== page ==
Grief, devastation as five kids killed in bouncy castle tragedy

By and is republished with permission.

The death toll from a freak jumping castle accident at a primary school in Tasmania’s northwest remains at five, and three children are in hospital after one was allowed to go home.

Five children killed in horror bouncy castle incident

The deceased year five and year six students from Hillcrest Primary School in Devonport are three boys and two girls. One was 11 years old and the others were 12.

Three remain in Royal Hobart Hospital with critical injuries and one has been released and is now recovering at home.

Nine children in total were injured in the accident on Thursday at the school, where 40 children were enjoying an end of term celebration.

Several adults were also hurt when the bouncy castle was lifted into the air by a sudden wind gust before plunging 10 metres to the ground.

“There is no doubt this incident will leave its mark, and I know people are sending their thoughts and prayers from right across the country,” Tasmania Police Commissioner Darren Hine said in Devonport on Friday.

Premier Peter Gutwein said everyone is praying for the children still in hospital.

Zane and Addison, two of the victims of the Tasmanian bouncy castle tragedy.
Zane and Addison, two of the victims of the Tasmanian bouncy castle tragedy. (Source: undefined)

“Overnight there has been an enormous outpouring of grief,” he said.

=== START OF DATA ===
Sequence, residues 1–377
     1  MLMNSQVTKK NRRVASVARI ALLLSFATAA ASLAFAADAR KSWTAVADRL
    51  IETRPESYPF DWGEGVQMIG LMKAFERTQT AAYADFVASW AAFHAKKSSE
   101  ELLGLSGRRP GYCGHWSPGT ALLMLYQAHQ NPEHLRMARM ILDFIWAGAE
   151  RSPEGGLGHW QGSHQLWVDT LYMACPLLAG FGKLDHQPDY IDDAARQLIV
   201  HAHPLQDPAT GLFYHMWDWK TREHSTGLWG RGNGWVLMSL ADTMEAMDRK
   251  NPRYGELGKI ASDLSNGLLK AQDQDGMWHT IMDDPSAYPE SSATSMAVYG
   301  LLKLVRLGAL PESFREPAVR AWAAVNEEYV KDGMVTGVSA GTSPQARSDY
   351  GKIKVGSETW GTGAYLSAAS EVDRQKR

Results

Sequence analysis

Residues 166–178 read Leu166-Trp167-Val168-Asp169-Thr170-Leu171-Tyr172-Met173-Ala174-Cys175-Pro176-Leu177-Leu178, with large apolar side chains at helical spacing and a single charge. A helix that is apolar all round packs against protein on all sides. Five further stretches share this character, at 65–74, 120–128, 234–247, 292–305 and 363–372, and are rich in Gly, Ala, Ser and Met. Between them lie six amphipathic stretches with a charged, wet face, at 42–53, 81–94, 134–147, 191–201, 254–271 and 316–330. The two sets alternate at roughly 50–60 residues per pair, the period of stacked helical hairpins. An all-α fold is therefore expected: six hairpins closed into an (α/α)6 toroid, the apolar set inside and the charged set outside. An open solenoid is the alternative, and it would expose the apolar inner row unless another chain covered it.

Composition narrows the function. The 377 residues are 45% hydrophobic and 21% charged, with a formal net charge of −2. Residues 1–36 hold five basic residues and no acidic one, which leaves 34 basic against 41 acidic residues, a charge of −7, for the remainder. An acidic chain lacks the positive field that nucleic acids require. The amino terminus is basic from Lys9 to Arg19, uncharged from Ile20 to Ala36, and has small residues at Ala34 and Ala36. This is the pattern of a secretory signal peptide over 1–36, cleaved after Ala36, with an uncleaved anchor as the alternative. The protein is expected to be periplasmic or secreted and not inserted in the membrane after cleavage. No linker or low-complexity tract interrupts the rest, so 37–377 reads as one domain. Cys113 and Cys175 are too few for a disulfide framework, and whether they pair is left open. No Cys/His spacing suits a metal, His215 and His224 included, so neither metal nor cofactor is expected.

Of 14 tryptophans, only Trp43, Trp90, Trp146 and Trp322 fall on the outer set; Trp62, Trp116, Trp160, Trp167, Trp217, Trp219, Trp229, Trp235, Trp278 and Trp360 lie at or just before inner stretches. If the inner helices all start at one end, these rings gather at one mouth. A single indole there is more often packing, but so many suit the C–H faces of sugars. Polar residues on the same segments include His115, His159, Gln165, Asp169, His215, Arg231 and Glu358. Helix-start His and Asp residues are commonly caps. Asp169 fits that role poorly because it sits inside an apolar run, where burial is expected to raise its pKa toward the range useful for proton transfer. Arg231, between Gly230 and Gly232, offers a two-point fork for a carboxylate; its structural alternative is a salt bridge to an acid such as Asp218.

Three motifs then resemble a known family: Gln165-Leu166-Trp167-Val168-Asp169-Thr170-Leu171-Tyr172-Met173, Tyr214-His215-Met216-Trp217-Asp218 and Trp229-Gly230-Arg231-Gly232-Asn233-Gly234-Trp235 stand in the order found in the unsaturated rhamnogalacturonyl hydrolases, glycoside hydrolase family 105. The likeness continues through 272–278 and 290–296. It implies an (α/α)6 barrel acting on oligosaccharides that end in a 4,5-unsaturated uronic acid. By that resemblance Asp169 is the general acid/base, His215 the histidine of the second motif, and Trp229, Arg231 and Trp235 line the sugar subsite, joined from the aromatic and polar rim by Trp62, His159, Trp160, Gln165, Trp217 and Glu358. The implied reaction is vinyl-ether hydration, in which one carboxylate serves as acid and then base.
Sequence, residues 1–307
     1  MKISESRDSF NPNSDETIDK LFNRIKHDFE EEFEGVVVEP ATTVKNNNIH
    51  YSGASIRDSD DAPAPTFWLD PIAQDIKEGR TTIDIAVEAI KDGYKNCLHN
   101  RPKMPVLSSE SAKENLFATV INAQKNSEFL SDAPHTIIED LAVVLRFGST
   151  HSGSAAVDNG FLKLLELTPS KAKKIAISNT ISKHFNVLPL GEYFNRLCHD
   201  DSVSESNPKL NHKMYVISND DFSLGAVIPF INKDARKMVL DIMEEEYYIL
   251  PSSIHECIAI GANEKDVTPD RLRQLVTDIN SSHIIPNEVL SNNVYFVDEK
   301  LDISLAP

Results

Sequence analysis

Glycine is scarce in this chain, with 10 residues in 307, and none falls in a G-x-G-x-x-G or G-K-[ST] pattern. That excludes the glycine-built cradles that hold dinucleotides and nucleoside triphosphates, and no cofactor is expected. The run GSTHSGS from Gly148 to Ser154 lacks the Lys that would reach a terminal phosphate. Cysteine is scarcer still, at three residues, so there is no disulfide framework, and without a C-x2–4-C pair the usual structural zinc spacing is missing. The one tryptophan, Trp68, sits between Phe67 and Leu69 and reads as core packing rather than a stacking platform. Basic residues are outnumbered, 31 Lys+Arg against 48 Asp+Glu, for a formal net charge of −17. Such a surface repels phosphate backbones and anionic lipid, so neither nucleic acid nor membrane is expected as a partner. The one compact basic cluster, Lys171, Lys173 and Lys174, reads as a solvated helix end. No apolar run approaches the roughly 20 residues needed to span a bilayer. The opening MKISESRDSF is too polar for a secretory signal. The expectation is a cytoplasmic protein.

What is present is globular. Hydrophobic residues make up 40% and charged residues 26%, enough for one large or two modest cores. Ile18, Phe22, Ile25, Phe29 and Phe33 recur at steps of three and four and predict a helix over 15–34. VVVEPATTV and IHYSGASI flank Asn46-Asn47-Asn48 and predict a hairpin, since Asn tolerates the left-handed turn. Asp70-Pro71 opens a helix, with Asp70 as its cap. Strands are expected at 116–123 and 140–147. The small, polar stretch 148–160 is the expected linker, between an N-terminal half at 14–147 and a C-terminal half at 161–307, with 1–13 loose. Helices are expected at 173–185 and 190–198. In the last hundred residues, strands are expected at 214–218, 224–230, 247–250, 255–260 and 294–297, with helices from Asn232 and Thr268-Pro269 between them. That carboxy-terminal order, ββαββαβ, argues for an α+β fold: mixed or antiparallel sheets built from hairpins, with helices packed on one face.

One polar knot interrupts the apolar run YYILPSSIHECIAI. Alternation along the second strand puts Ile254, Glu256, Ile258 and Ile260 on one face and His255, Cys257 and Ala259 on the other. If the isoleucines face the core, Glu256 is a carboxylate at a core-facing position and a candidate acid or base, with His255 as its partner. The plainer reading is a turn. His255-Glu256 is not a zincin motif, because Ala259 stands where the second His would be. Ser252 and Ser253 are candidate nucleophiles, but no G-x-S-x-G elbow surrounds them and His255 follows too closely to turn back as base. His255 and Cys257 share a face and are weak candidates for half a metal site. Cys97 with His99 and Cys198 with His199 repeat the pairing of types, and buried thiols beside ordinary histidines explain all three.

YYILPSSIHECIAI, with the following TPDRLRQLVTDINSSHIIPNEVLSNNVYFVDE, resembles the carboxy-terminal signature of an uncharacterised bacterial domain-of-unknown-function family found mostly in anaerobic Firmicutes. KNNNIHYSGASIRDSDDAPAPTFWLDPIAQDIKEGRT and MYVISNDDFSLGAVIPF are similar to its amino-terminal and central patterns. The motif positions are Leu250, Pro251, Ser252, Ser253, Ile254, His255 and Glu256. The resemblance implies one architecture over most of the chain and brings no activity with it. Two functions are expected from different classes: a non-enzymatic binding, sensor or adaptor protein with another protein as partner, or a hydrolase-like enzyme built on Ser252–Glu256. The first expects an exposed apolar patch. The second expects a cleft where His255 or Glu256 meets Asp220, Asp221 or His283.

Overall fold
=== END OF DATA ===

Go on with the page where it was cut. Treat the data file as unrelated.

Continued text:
“As a parent, I cannot understand how the parents of those who have children (involved) must be feeling.

“But as a parent, I hope they can understand that we are all feeling for you.”

A devastated Devonport community was on Friday trying to make sense of the tragedy, which comes days before Christmas.

People gathered outside a primary school in Devonport on Thursday night for a candlelight vigil and flowers and messages of sympathy have been left near the gates.

Some residents turned off their Christmas lights as a mark of respect.

“People who just have no connection to the school or any of the families have just come in crying and grieving over the loss of the children in something that was supposed to be a celebration,” Fiona Morrison, a member of the local Uniting Church, told Nine Network.

“They just can’t believe what has happened.

“Last night, people turned off their Christmas lights in respect, or turned on their Christmas lights to offer the other children some hope, some light, at this time when they are grieving.”

Tasmanian senator Jacqui Lambie, who went to school in Devonport, said people were still in shock.

“We still don’t know how the other four children are going,” she told Nine Network on Friday.

“It’s just awful. I don’t even want to pick up the phone, I know it’s going to be somebody that we know … a week before Christmas.”

Tasmanian Governor Barbara Baker and Prime Scott Morrison have extended their sympathies to the families and the community.

Hillcrest Primary School was holding a ‘Big Day In’ celebration to mark the end of the school year, with the jumping castle and a number of inflatable zorb balls.

An investigation into how the jumping castle lifted from its footing will take some time as police need to interview multiple witnesses.

Officers remain at the scene, along with Worksafe Tasmania investigators, ahead of a report being given to the coroner.

The Education Department is providing support to the school children, their families and staff. Counselling has also been offered to first responders.

Three online fundraising pages – including one for a boy named Zane and another for a girl named Addison – were set up on Thursday to support the affected families.

The main GoFundMe page set up by local girl Zoe Smith had raised more than $400,000 as of 10am Friday, up from $250,000 earlier in the day.


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